The Resurrection and Human Hope
Easter Sunday. Acts 10:34a.37-43; Ps 118:1-2,16-17,22-23; Col 3:1-4; Jn 20:1-9
Last night, after the Procession to the altar at the Easter Vigil, I had the privilege to sing the Exultet. The words of this beautiful, ancient hymn of the Resurrection take us back nearly two thousand years to the pre-dawn darkness of the first Easter, “This is the night when Jesus Christ broke the chains of death and rose triumphant from the grave.” Yet the triumph of Jesus Christ also causes us to rejoice for ourselves, as the next line explains, “What good would life have been to us, had Christ not come as our Redeemer?” Without the Resurrection, as St. Paul says, our Faith is in vain, and if our Faith is in vain all of human life is in vain. Without Christ’s Resurrection we would have no reason to live.
Now to claim that without the Resurrection of Christ there is no point to human life may seem an exaggeration. Surely there are many good things in life even without Faith? The point, however, is that true happiness is permanent, yet there is no final material permanence to anything in life that is separate from Christ. Even in the relatively short time of our own lives it is possible to see many examples of this impermanence, of the transient nature of things. To take a recent example, two weeks ago an invisible pyramid nearly collapsed in New York. Invisible pyramids, especially financial pyramids, are dangerous if they are built on sand. But even stone pyramids do not last very long before being reclaimed by the sands of the desert. All the things that we do, and even our bodies, quickly return to the dust of the earth. Furthermore, the earth itself is in slow but constant motion and, in the last century, we discovered that the universe as a whole is changing. In 1927, the astrophysicist Georges Lemaître, who was incidentally also a Catholic priest, predicted the theory of universal expansion now known as the 'Big Bang'. But this theory of a cosmic beginning also points towards cosmic death. This entire universe is 'temporary'. No natural material thing is permanent, and even the immortality of the human soul might be more a curse rather than a blessing, if the soul is lonely and separated from God.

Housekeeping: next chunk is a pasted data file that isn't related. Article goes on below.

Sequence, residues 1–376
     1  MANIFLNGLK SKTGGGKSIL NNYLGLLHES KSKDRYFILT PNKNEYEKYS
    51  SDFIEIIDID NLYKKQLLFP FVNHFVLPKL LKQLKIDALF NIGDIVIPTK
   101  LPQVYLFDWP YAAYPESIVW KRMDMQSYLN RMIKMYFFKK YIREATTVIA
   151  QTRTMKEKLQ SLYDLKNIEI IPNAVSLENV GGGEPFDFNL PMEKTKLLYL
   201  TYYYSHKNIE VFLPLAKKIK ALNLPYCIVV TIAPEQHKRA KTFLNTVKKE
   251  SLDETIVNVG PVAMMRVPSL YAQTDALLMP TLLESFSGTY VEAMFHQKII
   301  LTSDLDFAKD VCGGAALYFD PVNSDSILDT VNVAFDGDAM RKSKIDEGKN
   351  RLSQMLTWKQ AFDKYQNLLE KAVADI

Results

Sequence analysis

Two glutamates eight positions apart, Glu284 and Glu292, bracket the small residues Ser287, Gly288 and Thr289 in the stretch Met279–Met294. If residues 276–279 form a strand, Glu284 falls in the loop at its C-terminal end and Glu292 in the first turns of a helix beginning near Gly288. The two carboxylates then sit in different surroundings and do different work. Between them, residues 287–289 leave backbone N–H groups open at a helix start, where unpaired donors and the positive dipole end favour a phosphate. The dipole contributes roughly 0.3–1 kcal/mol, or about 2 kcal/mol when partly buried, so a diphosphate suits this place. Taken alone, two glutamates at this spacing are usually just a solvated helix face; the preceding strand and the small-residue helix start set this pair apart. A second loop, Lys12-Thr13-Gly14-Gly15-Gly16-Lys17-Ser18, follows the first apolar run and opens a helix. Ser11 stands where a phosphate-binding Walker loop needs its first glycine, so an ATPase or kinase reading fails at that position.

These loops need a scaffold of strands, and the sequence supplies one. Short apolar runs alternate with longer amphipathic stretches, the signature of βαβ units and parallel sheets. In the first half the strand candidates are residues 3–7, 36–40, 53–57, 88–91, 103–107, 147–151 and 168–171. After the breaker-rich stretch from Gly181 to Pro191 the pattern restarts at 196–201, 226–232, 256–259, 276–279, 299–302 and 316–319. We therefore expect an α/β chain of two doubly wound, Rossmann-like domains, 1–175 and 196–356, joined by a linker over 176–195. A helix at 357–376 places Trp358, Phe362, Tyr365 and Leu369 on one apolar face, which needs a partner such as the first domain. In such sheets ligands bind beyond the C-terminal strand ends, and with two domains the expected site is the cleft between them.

So the human mind can range over the whole of space and time and find no hope for true happiness, unless God intervenes. The message of Easter Sunday is that God has intervened, “This is the night when Jesus Christ broke the chains of death and rose triumphant from the grave.” First, and most importantly, the Resurrection confirms the spiritual victory Christ won on Calvary. The sacrifice of Christ on the cross enables us to receive complete forgiveness of our sins, as St. Peter tells us in today's First Reading. With our souls healed and reconciled to God, the immortality of the soul is now a cause of joy rather than dread. Second, the Resurrection is a physical Resurrection. Christ's tomb was found empty, and, as St. Peter also tells us, we “ate and drank with him after he rose from the dead.” The risen Christ still bears the wounds of the crucifixion, yet these are now trophies of triumph over sin and death. The human nature of Christ and everything he did and suffered has been raised and glorified forever. Christ is the 'first-fruits' of the new creation, a new heaven and a new earth, and the Resurrection of Christ offers a foretaste of our own resurrection. Where Christ has gone we hope to follow, to enjoy true and lasting happiness with God and his angels and saints forever. That is the cause for our rejoicing this Easter Sunday.
Fr. Andrew Pinsent, St. Ambrose Church, St. Louis, 23rd March 2008
© Fr Andrew Pinsent. Academic Web Site.